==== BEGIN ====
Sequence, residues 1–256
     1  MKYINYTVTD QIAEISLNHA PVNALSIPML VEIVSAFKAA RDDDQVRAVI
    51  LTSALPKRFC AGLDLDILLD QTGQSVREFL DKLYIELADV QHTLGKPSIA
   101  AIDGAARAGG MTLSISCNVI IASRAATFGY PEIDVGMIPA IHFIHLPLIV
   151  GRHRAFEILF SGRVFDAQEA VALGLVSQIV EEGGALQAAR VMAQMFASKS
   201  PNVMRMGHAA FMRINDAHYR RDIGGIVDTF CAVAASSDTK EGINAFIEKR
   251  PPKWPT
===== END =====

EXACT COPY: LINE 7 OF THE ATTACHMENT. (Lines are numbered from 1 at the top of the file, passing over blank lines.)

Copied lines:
   251  PPKWPT